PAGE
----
Meanwhile, across the pond, the Hungarian Prime Minister has again expressed the fear that the flood of immigrants arriving in Europe will destroy the continent’s Christian (i.e. Catholic) roots.

Europe certainly does have Christian roots, but there is little evidence of those roots these days, as most people have embraced secular humanism.   Only Russia’s leader seems to hold any serious Christian beliefs.   Fortunately, he seems set on saving Christians in the Middle East from Islamic extremism.

In today’s USA Today, an article carries the headline, “Under ISIL’s brutal rule, Iraqis are in constant fear,” written by Kiran Nazish.     A schoolteacher who escaped last month is quoted as observing:   “In more than one year, the Islamic State has created a society where it’s normal for children to watch their elders being murdered by them.”

If you didn’t get it the first time, be sure to read that sentence again.   What it’s saying is that children are watching other children murder adults.  Other articles in recent months have claimed that children not only shoot adults, they are even being trained to behead them. This is the kind of world we now live in.

Fearful of Islam and those refugees from Islamic lands crossing their borders, Poles voted yesterday for a more conservative government.  This is likely to be a trend across Europe as people put security at the top of their concerns.

By far the worst and most serious religious conflict has flared up again in Jerusalem, where Palestinians have been waging a renewed intifada against Israel.   The first intifada was in 1987.   They are trying to drive the Jews out of the West Bank.   If they succeed, it would be a prelude to driving them into the sea.

Palestinians have been angry over the Israelis not allowing young men on to the Temple Mount, which they call Haram al-Sharif (the Noble Sanctuary).   It’s also a part of the general frustration they feel after seventy years of the nation of Israel.

Meanwhile, an old issue has resurfaced – the role of the Grand Mufti of Jerusalem during World War II.

“Philadelphia, PA – Israeli Prime Minister Benjamin Netanyahu has drawn criticism for comments about the role of al-Hajj Amin al-Husaini, the Grand Mufti of Jerusalem, in conceiving and perpetrating the Holocaust.   Indeed, leading Nazi aides testified that al-Husaini was one of the instigators of the genocide.  In his 1999 autobiography, a senior Nazi official admitted how he advised Hitler and other leading Nazis, and that he acquired full knowledge of the ongoing mass murder.

Middle East Forum scholar, historian, and author Wolfgang G. Schwanitz added, “It is a historical fact that the Grand Mufti of Jerusalem al-Hajj Amin al-Husaini was an accomplice whose collaboration with Adolf Hitler played an important role in the Holocaust.   He was the foremost extra-European adviser in the process to destroy the Jews of Europe.”  (“Mufti Advised Hitler on Holocaust”, Middle East Forum, October 21st.)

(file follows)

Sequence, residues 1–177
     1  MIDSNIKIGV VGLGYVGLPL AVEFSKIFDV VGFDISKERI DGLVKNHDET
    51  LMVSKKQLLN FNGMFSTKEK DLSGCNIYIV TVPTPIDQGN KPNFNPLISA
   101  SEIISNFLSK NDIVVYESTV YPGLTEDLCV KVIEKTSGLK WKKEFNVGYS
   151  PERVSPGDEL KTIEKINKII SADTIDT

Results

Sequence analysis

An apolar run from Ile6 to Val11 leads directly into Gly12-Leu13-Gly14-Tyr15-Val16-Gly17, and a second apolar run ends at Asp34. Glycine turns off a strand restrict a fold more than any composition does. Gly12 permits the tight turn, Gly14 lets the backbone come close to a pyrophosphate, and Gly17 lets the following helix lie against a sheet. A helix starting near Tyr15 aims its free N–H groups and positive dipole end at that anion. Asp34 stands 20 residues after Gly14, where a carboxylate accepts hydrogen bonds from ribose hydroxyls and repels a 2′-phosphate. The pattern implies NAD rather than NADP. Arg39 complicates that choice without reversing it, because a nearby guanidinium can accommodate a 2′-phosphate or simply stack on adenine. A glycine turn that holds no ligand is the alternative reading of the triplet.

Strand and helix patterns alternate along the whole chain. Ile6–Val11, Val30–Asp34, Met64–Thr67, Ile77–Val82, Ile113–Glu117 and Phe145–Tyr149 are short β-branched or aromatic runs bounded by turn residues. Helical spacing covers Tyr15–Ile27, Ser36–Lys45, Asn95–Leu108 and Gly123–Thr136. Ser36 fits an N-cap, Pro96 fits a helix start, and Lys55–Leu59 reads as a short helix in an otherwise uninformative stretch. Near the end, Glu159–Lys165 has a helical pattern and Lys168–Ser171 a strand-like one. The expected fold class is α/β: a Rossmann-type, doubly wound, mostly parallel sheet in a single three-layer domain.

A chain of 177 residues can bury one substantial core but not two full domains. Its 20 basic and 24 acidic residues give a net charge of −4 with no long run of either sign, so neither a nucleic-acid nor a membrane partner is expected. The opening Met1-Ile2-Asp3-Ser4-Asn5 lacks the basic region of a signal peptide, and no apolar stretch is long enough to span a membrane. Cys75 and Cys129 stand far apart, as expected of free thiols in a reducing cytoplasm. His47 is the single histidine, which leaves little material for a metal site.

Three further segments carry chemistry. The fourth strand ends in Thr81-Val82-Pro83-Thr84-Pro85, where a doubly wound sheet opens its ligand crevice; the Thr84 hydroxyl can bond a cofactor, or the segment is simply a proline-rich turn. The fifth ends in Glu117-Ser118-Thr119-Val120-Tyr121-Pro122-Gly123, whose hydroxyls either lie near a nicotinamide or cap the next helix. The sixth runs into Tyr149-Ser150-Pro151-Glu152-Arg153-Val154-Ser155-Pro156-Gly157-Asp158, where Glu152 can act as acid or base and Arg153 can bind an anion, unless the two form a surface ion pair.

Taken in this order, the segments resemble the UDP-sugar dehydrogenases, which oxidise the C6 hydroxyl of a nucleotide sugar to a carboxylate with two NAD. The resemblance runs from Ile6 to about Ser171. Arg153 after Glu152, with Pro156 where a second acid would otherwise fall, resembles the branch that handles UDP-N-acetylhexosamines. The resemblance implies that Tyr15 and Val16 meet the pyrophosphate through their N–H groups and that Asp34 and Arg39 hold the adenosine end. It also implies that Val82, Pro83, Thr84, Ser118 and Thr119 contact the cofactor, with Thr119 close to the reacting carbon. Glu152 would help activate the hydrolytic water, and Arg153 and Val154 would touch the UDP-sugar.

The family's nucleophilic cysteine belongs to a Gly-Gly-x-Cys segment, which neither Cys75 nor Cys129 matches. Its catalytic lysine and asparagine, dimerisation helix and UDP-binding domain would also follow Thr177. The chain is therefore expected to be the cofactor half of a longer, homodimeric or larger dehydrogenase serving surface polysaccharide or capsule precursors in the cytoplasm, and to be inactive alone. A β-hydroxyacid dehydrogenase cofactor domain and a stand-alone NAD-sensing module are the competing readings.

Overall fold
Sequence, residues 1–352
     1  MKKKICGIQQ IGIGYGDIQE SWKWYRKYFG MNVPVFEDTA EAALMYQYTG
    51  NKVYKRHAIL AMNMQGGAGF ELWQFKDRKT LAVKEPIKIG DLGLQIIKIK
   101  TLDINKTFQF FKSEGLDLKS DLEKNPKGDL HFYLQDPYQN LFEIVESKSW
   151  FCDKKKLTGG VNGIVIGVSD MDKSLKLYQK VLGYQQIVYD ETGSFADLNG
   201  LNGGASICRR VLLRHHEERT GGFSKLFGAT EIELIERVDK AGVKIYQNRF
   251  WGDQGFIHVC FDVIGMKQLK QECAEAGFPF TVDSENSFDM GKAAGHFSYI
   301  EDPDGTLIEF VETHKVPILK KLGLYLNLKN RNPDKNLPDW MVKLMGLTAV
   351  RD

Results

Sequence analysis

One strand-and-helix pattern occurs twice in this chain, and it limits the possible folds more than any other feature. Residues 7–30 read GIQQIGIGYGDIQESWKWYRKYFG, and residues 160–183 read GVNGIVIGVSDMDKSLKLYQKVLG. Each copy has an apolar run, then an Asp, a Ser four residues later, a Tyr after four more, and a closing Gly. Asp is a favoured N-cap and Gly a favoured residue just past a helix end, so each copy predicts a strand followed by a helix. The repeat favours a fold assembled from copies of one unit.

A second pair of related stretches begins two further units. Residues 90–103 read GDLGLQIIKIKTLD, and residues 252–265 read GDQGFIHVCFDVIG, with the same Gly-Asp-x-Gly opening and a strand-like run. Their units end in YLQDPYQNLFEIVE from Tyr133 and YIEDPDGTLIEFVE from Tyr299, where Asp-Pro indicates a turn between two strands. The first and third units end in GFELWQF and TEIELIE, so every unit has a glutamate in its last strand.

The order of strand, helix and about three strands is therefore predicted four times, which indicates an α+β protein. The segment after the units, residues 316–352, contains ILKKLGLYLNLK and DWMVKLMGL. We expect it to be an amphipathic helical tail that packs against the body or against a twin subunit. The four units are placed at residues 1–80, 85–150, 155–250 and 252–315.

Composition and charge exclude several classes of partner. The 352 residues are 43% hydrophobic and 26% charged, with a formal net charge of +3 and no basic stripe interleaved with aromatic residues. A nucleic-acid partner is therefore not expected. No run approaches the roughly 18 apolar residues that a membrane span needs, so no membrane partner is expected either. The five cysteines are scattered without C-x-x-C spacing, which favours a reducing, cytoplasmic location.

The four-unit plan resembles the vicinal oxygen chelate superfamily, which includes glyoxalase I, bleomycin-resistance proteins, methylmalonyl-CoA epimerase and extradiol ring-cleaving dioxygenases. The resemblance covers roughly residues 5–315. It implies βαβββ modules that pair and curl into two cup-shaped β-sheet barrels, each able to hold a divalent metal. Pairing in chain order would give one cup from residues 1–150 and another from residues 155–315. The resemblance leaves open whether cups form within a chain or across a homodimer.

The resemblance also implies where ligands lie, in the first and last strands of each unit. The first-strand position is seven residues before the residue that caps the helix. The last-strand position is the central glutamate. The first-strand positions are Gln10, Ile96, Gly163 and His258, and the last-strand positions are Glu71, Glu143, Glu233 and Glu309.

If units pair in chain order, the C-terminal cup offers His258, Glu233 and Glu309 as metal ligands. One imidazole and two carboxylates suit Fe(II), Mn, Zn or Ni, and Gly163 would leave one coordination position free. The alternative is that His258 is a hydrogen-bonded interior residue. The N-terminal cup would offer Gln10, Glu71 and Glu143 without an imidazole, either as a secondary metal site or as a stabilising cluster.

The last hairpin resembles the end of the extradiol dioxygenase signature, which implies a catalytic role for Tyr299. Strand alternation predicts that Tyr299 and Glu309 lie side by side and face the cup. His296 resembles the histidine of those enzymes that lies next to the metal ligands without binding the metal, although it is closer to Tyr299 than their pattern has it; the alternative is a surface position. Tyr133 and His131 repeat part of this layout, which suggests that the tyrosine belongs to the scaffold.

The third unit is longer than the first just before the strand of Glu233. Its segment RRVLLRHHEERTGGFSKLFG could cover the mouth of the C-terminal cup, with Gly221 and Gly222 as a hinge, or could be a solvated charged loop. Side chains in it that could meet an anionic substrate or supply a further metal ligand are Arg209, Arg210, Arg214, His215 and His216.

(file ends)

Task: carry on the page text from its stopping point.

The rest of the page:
The Mufti’s successor, Sheikh Muhammed Ahmad Hussein, is now saying that the Temple Mount never housed a Jewish Temple and that the al-Aqsa mosque has been there “since the creation of the world” (Times of Israel, Monday).

If these words were intended to be the last word on the most disputed piece of real estate in the world, he may be surprised at the reaction.

The latest uprising by Palestinian youth has led to the murder of Jews on the streets of Jerusalem.   The Israeli Prime Minister Benjamin Netanyahu is now allowing Palestinian youths on to the Temple Mount, even though it poses a security risk.

There are increasing calls from religious and regional leaders for international supervision of the Temple Mount.

To think that fifty years ago, when I was a teenager, it was widely thought that religion and religious conflict were things of the past!

 

 

POPE CONDEMNS GENOCIDE

Crucified  Christian girls, Turkish Armenian Christian genocide, 1915
Crucified Christian girls, Turkish Armenian Christian genocide, 1915

In a few days, it will be exactly one hundred years since the Ottoman Turks started a genocidal program to eliminate their own Armenian citizens.   An estimated 1.5 million Christian Armenians died in a persecution that continued until well after World War One.   It wasn’t just Armenians.   Assyrians and Greeks, both Christian communities, also perished.

Yesterday, in a mass attended by the Armenian president in Rome, Pope Francis referred to the Turkish action as “genocide”.   Naturally, the Turks see things differently, claiming a smaller number died and that they were simply casualties of war.   There was no deliberate policy to wipe out Christians.   The Turkish Ambassador to the Holy See was quickly recalled yesterday following the Pope’s comment.